Kona Honu Divers offers scuba and snorkel tours as well as various diving classes on the Big Island. They also sell freediving, snorkeling, and scuba gear from their store.
General: Photo Opportunity
Water Activities: Boats / Sailboats
Water Activities: Scuba Diving
Water Activities: Snorkeling
The plan for our afternoon / evening tour was a 2 tank dive at different spots. We headed out from Honokohau Marina & Small Boat Harbor and traveled just outside the harbor for the first dive / snorkel. The water was calm and protected from the larger surf.
We were given a safety talk and advised not to stray far from the boat since we were anchored near the harbor. Sandy, our guide, led a group of 9 of us to explore the reef. We watched Sandy freedive to about 30 feet and swim through small underwater holes and arches. Sandy was fearless. She told me later that she could hold her breath for 2 minutes.
We spent about a half hour or so looking at colorful fish before heading back to the boat. We then headed over to Manta Village near the Sheraton Kona Resort & Spa at Keauhou Bay. The divers had a different experience than the snorkelers. They spoke of seeing a shark and several dolphins during their dive.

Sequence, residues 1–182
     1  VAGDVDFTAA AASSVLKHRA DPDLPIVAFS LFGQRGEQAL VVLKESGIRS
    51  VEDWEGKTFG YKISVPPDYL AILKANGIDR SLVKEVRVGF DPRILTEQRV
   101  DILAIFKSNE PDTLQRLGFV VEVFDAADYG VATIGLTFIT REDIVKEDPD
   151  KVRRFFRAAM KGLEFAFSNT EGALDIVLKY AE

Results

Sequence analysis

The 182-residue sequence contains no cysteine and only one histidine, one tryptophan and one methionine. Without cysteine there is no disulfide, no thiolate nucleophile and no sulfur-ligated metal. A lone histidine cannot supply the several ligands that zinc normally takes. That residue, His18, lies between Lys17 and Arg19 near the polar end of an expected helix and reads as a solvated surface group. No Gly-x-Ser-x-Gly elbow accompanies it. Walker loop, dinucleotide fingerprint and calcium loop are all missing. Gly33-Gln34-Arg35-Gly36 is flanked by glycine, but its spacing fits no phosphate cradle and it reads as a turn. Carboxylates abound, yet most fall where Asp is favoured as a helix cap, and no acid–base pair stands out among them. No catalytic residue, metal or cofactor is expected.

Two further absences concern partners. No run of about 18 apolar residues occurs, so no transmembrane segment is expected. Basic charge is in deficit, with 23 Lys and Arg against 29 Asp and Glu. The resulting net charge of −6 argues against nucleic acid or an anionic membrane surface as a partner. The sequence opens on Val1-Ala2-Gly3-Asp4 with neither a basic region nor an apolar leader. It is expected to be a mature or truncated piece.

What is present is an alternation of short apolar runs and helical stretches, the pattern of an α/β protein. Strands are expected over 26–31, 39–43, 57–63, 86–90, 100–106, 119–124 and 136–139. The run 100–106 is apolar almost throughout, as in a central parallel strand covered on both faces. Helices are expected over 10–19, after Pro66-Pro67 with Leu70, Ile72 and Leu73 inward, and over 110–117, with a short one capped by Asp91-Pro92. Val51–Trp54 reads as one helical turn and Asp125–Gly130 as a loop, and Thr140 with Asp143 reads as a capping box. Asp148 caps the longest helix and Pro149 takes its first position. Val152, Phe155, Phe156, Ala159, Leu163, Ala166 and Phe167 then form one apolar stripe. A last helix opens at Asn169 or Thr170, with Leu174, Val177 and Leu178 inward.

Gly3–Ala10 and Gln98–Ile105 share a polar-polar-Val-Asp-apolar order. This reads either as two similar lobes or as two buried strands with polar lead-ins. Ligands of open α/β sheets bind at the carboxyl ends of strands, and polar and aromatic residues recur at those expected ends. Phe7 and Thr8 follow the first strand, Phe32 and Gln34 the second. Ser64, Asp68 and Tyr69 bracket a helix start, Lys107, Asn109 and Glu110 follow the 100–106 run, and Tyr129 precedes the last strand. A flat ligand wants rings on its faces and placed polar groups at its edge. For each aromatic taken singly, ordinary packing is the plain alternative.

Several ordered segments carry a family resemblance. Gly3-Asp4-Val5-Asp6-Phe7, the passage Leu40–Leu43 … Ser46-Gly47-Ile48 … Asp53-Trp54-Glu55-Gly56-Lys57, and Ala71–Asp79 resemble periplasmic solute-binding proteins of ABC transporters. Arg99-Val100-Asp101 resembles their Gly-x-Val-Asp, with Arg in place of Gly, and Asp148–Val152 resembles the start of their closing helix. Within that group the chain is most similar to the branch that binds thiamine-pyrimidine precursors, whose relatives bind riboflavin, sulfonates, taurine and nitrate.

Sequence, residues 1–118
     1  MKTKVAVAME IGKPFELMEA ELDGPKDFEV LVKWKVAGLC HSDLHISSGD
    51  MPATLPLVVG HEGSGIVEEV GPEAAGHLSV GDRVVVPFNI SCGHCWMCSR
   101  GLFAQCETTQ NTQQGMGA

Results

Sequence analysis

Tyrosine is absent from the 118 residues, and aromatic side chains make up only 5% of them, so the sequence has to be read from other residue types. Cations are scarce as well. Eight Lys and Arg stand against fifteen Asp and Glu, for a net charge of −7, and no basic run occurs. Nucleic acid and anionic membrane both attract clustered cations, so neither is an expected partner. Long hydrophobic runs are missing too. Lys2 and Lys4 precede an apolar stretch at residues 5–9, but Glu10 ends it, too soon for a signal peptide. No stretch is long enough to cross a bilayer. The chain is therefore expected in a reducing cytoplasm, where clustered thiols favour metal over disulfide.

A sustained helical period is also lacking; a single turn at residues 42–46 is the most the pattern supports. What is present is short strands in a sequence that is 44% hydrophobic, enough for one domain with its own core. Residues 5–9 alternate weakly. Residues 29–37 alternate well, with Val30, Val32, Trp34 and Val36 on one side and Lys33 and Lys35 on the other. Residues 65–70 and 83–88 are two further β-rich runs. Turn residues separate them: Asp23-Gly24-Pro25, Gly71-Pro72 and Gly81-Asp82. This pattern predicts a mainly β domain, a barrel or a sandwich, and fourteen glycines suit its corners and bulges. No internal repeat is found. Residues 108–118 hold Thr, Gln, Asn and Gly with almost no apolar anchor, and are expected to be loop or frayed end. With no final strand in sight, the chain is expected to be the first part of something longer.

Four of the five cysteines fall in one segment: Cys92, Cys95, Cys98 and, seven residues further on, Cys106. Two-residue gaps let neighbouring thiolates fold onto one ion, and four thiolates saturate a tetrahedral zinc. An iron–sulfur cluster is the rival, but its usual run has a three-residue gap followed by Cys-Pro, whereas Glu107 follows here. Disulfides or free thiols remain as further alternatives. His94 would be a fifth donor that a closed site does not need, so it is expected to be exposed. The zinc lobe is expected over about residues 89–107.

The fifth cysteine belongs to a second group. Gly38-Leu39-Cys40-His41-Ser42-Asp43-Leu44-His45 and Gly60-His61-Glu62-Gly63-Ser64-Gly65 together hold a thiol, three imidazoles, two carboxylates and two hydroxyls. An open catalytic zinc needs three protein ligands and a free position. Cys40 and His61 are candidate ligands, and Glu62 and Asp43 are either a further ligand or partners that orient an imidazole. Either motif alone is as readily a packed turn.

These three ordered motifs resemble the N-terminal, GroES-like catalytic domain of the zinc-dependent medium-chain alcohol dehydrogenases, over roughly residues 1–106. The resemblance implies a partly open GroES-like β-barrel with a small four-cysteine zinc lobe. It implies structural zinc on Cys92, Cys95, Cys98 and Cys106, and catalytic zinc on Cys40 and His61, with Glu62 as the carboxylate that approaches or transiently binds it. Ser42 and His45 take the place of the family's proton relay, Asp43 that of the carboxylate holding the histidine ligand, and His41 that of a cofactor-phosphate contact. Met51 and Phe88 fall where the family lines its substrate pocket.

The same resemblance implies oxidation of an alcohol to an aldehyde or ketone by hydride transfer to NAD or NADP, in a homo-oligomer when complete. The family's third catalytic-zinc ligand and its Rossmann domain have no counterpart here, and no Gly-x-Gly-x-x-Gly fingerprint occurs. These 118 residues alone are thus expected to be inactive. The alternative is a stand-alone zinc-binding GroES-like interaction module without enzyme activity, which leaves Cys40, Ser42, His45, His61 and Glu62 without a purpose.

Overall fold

We arrived at Manta Village about a 1/2 hour before sunset. We watched the sun descend in a haze of orange from the vog. The captain pointed out a single manta ray gliding toward the boat. It had arrived early to the feeding area and gave us a show as it hovered on the surface. Now the excitement - and trepidation started to kick in. I know it's safe to swim with these creatures, but they are big. The largest one known had a wing span of 16 feet.
Everyone put on wetsuits. Although Hawaii water is relatively warm, wet suits do a good job keeping you comfortable at night. The snorkelers jumped in and grabbed a hold of a modified board with bright lights built into it pointing downward. Bright lights attract the plankton, which attracts the manta rays which feed on it. As a group, we clung to the side of the board and held on to a rope handle. We floated on our stomachs facing downward.
There were about 6 manta rays feeding on the plankton. The rays would come up from the depths with their mouths wide open to accept the plankton that surrounded us. Then at the last second, the rays would do an upside down fly-by within inches of us and loop around again.
The mantas eventually made their way to the divers who were parked down about 30 feet down. They were sitting around a powerful light pointing upward from the sea floor called "the campfire". The brighter the light, the more rays it will attract. The divers were getting up close and personal fly-bys from the manta rays.
We spent about 20 minutes or so snorkeling with the manta rays. We would have spent more time with them, but it took a while for our guide to find them. After we got back on the boat, we drank hot chocolate and headed back to the harbor.
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